The 'Moments' Of Our Lives
Via Mark J. Grant, author of Out of the Box,
“You do not remember the days; you remember the moments.”
We have had two Greek moments, a Portuguese moment, an Irish moment and we are about to possibly have the “moments of our lives” during the next two weeks. America’s primary moment will be tomorrow when the people of the United States exercise their constitutional right and choose a President and a significant amount of the members of Congress. One thing that can be said with certainty is that we have a choice and a real choice. In my mind it is not just a decision of the typical Democratic or Republican politics but a choice between a far more Socialist administration and a Capitalistic option. I find neither choice to be either far left or far right but it is a clear choice without doubt. Personally I am in favor of a safety net for every American but I am not in favor of so many social programs that there is a clear transference of capital from those who have succeeded to those that have not. I also find Mr. Obama’s attacks on Wall Street, on banks and on those who have stood on their own two feet and made something of themselves to be offensive and outside of what I consider to be a core American value which is to applaud and respect those that have worked hard and gained. Finally my decision was molded by politics at the very local level, my house, where you can only spend what you can afford and not a penny more and the policies of the last four years, in my view, have violated that principle. Thus I made my choice. Tomorrow will be a significant moment in time.
"Annual income twenty pounds, annual expenditure nineteen pounds nineteen and six, result happiness.
Annual income twenty pounds, annual expenditure twenty pounds ought and six, result misery."
-Charles Dickens, David Copperfield
While America turns inward and pays attention to very little else besides our election on Tuesday we may well find ourselves peering outward on short notice. We are told by Greece that they have one week on money left to pay their bills. Here we are on the brink and it is still not clear if the IMF will fund the next tranche or if a number of countries in Europe will pony up either. If there is an extension of Greek terms it is still unknown who is going to pick up the tab for another $40-45 billion that will be required to implement that plan. Back in Athens it is still quite murky whether there are enough votes available to pass the new round of austerity measures demanded by the IMF and the EU. We will have a new moment with all of this without question but the sound of it may very well be heard as a BIG BANG as the friction on the Continent causes a fire to rage out of control where Greek politics or European politics erupts as the long and winding road finally reaches its end. I advise that you pay attention here; decisions will be made as forced by the financial condition of Greece and can kicking is no longer an operative solution now. I predict it will get ugly and real ramifications will cause real shudders and I would be prepared for what must now come as the financial hurricane of Europe hits the shores in Athens.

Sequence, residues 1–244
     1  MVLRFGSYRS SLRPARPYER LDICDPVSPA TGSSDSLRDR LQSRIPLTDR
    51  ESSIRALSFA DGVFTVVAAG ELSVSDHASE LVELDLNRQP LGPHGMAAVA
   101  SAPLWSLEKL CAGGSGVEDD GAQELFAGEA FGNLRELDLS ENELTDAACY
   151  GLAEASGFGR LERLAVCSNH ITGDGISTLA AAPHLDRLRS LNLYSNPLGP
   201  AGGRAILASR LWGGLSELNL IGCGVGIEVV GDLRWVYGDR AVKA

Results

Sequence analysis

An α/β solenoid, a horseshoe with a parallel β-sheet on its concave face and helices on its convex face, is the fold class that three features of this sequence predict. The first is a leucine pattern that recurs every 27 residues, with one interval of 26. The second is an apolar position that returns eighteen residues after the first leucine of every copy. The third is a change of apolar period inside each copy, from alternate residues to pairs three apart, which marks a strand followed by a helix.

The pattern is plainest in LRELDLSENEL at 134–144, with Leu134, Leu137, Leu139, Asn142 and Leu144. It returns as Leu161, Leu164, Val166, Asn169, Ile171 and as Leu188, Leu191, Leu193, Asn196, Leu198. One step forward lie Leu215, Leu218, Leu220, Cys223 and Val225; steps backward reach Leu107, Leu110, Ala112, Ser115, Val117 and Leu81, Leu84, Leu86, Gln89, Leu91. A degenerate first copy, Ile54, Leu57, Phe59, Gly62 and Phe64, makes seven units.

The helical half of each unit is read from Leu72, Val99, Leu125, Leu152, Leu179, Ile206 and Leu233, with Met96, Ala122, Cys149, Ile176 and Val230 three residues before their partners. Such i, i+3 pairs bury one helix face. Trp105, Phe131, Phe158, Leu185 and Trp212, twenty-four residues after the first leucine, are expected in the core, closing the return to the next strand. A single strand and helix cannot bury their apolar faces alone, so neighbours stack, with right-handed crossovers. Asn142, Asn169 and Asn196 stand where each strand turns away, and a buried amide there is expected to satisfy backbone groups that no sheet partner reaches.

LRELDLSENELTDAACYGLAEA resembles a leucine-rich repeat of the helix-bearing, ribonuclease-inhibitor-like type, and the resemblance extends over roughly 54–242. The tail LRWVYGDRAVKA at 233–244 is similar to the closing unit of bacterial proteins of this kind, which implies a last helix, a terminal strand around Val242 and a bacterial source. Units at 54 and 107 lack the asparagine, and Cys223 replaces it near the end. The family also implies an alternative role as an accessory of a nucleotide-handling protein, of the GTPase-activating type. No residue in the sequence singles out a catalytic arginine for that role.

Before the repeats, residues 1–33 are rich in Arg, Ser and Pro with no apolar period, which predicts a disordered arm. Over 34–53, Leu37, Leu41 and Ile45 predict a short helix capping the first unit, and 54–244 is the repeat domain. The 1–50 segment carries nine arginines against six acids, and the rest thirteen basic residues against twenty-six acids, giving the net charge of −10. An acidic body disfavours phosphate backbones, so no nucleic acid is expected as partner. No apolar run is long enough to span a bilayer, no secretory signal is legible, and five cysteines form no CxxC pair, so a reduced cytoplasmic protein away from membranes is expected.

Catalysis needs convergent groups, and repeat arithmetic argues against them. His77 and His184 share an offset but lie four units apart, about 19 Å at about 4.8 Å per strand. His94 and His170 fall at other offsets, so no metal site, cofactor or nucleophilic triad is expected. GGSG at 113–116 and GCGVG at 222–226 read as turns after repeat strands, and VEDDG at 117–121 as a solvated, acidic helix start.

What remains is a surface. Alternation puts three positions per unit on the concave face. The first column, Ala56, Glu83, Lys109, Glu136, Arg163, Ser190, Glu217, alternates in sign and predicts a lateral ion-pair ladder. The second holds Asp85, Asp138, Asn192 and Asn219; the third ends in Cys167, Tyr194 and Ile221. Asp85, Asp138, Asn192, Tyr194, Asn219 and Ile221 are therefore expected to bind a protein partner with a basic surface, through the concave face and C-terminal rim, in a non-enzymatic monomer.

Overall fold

“It was as if, at moments, we were perpetually coming into sight of subjects before which we must stop short, turning suddenly out of alleys that we perceived to be blind, closing with a little bang that made us look at each other--for, like all bangs, it was something louder than we had intended--the doors we had indiscreetly opened.”
-Henry James, The Turn of the Screw
In the meantime one of the Danish banks, after inspection by their central bank, went bankrupt over the weekend. Spain reported out their unemployment rate today which exploded by another 2.7% in just one month. Spain will soon be forced to its knees by their regional debt, by their banks while the ECB is under fire that they lent money to the Spanish banks in an inappropriate and perhaps illegal fashion. I consider the next two weeks to be a moment of “critical mass” where a systemic explosion is not out of the question nor even an outlier given our current circumstances. Grant’s Rules 1-10 “Preservation of Capital” should be uppermost in your minds now and I would suggest a healthy amount of liquidity during this time period. Watch, especially, your counterparty risk and be mindful of the implications of a Greek default because this baby could crawl either way and in a hurry.
“She stood for some moments gazing at the sisters, with affection beaming in one eye, and calculation out of the other.”
-Charles Dickens, Martin Chuzzlewit
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